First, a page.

Brian Wang over on Next Big Future brought up a point I’ve been thinking about for a while. In an article about why Canada is likely to beat the US to having molten salt nuclear reactors (in spite of the US pioneering the field back in the 60s), Brian hit on the key reason:
There is an important difference between the Canadian and the US regulatory authorities. The US is rule-based and Canada nuclear regulations are output-based. In the USA, anyone wanting to develop a new type of reactor will have to prove its safety before it exists. All of the US rules are based on light water reactors. In Canada, you will have to prove the safety of your concept while it is operating. Terrestrial IMSR seems to moving ahead very quickly. Canada’s nuclear regulators could allow a molten salt reactor to be built and operating in 6 years.
Simply put, US nuclear safety regulation is based on the idea that regulators from back in the 60s knew the best way to make a safe nuclear reactor, and that compliance to their rules was the best way to guarantee a new reactor was going to be safe. The problem is this kind of assumes that technology stands still and that new approaches with fundamental safety benefits aren’t likely. The sad reality is that this is why we have disasters like Fukishima–old reactors get grandfathered into the regulations, new reactors that could be dramatically safer or even passively safe get delayed so bad by regulations that they in many cases never get completed. So we’re stuck with older, less safe technology, all in the name of safety regulations.
You see similar dynamics in aircraft certification, and the current arguments about regulation of suborbital RLVs. George Nield, who I normally have a ton of respect for, recently argued against extending the “learning period” under the Commercial Space Launch Amendments Ac said that:
“The US has over 50 years of experience in human spaceflight,” he argued, providing a large set of lessons learned for commercial spaceflight providers. “For us to just put that aside and start over without taking advantage of what we’ve learned, I think is irresponsible.”
It’s true we have some experience, and that info should be provided to suborbital developers to build off of, but it makes the same fundamentally flawed assumption that’s stifling nuclear technology in the US–and which is making nuclear power less safe in the name of safety. We have a bit of experience now with manned capsules, and shuttle-type winged reentry vehicles. But assuming that we’ve now reached the pinnacle of reusable launch vehicle design is likely going to look laughably foolish in the future, possibly even the near future.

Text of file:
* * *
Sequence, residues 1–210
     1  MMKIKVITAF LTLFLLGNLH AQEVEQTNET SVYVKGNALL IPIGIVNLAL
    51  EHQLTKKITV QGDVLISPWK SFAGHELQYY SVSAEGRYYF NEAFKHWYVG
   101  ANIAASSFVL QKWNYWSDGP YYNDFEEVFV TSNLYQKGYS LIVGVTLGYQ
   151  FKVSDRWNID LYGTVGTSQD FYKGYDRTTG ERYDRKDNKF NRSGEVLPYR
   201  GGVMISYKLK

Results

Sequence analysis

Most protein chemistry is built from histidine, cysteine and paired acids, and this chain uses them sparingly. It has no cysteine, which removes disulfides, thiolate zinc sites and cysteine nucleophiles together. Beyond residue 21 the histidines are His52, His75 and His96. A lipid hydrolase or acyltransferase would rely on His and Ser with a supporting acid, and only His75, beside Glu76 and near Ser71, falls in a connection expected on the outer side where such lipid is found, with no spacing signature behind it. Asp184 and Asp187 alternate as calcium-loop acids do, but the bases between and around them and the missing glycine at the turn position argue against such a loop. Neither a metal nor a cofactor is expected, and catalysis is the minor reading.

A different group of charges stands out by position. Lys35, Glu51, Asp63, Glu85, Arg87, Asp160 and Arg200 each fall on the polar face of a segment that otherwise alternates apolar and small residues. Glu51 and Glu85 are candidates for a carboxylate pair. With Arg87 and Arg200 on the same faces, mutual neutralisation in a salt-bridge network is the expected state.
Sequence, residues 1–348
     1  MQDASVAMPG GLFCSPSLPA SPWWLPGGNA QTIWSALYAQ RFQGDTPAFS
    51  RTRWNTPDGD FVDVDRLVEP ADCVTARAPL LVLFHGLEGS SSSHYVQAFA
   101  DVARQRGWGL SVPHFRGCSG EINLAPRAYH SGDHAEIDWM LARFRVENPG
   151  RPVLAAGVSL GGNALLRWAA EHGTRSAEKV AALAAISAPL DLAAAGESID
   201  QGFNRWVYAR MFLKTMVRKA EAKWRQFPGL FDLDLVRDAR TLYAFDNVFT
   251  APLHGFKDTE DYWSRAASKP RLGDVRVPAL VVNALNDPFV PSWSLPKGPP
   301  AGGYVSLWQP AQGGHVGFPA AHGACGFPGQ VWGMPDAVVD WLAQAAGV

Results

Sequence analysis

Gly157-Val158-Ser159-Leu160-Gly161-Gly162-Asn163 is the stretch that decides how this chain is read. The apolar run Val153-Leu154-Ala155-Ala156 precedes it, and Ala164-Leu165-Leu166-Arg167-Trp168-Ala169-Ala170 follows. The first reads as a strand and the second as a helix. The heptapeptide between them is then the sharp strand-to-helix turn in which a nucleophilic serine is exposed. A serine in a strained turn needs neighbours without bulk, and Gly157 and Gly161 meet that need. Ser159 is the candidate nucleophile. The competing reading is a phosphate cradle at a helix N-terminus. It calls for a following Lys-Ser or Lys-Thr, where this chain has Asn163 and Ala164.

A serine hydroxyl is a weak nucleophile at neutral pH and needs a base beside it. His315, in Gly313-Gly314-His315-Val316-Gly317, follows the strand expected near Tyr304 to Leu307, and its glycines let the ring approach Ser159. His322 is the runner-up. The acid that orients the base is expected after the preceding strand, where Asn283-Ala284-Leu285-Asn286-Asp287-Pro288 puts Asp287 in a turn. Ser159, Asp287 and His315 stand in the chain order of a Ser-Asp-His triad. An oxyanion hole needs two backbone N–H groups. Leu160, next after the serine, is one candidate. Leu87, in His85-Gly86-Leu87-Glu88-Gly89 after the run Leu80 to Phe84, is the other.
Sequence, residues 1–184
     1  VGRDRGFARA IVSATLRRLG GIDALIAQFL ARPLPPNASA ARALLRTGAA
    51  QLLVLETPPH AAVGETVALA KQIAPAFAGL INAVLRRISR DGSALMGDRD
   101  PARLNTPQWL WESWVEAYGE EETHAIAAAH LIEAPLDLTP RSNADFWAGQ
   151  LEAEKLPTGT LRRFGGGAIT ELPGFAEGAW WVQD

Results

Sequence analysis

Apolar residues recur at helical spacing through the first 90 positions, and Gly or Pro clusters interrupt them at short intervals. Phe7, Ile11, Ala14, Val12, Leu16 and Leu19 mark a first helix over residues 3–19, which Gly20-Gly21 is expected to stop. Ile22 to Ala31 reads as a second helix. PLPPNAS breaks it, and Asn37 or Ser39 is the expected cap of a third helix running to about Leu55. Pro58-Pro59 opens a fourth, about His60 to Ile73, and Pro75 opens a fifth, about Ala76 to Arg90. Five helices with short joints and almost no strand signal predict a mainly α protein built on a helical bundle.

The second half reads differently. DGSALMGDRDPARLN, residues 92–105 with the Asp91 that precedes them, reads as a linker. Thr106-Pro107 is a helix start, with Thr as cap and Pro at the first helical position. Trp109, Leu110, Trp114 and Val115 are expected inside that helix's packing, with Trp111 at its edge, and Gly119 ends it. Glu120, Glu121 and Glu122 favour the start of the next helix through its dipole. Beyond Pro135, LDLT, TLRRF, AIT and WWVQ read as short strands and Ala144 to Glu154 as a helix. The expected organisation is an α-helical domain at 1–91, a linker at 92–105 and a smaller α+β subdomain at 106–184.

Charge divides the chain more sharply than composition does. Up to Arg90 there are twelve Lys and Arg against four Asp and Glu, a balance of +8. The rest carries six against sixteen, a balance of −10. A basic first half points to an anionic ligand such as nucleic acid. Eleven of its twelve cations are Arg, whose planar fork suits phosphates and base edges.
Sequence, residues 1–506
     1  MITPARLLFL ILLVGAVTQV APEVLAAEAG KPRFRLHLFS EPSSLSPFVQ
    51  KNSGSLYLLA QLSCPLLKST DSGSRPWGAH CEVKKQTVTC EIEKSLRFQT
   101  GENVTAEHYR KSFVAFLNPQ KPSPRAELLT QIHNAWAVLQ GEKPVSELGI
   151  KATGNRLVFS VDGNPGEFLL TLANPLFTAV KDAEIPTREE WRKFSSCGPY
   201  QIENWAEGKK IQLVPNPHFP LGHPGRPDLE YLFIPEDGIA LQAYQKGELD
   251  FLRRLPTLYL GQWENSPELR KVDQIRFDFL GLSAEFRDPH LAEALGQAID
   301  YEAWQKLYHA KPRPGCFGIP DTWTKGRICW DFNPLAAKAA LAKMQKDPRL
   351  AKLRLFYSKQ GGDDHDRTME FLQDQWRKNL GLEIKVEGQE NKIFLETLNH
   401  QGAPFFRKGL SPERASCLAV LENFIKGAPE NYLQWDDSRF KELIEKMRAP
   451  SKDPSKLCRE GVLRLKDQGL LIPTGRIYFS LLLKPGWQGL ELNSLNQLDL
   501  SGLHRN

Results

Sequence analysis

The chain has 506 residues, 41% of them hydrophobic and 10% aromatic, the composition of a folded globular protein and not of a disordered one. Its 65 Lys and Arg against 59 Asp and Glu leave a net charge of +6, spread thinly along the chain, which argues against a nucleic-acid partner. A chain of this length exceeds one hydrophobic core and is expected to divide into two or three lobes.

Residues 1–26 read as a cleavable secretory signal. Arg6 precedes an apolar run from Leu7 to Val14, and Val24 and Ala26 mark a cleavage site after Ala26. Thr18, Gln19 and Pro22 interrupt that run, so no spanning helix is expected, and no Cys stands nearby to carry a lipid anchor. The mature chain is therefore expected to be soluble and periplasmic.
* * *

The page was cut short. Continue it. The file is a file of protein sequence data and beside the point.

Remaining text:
In some ways this line of argument might look like one a Department of Ground Transportation official could have made in 1907 about safety regulations for ground vehicles such as horse buggies and automobiles. After all, by that point, we had centuries of experience with design and operation of horse-driven ground transportation. We shouldn’t just throw that out and ignore it. We know enough to make reasonable safety regulations. I mean, how much are these automobiles going to change from horse buggies–heck the current ones even look really similar.
It would be sad if a few years from now safer launch vehicle and reentry vehicle technology had to go to places like Canada because the US was so sure it knew enough to make rules-based regulations to “certify” the safety of the industry.
Latest posts by Jonathan Goff (see all)
- FISO Telecon Lecture on LEO Propellant Depots for Interplanetary Smallsat Launch - November 28, 2018
- AAS Paper Review: RAAN Agnostic 3-Burn Departure Methodology for Deep Space Missions from LEO Depots (Part 2 of 2) - September 17, 2018
- AAS Paper Review: RAAN Agnostic 3-Burn Departure Methodology for Deep Space Missions from LEO Depots (Part 1 of 2) - September 15, 2018